The Flow of Improvised Meals, 2
It was fun to create the first ”Flow of Improvised Meals” for the Just Food Conference in February. Since it was so well received, I decided to do another one for my presentation at the 2012 Brooklyn Food Conference this past weekend. You can view it, below.
This new sketch charts the movement of three ingredients–spring onions, peas in the pod, and pecorino cheese–turned into many possible meals. Pecorino cheese plays an obvious role in pasta, but its rinds find their way into cheesestock, the basis for a rich, but light soup, or risotto. Tough pea pods, otherwise largely inedible, are blanched and pureed with olive oil and lemon, then strained to make a bright, fresh, silky sauce. The blanching liquid, also used to cook the spring onion stalks and peas themselves, is made into ice cubes for bloodymarys. The peas, meanwhile, get pureed and paired with the spring onion braising liquid, plus a few eggs, and turned into a custard. The iterations continue…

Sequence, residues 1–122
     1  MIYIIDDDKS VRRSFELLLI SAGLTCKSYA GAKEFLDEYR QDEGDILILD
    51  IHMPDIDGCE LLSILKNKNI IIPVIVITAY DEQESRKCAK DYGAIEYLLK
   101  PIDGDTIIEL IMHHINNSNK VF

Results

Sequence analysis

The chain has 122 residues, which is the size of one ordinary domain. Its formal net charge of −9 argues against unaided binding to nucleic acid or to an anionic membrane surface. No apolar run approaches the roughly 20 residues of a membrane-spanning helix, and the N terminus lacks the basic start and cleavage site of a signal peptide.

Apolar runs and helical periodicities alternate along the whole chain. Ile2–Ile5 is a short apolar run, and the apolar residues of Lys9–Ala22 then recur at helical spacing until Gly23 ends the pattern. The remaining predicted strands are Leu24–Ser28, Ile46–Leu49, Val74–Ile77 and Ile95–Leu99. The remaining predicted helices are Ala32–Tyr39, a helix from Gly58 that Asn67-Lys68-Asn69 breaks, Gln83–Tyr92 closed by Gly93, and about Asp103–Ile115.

The key to this kind of improvisation is to follow each ingredient’s lead. To cook a single item on its own terms, for its own sake, and not with an end dish in mind. To see, with our help, how far each ingredient can reach. The aim is not to make use of every scrap and end of food, only, but to employ every ingredient–no matter how familiar–as impetus for exploration, an opening for experimentation, and a launching point for new tastes.
Thanks, again, to former Purple Kale intern, Diana Vassar, for sketching my interplay of ideas into artistic form.
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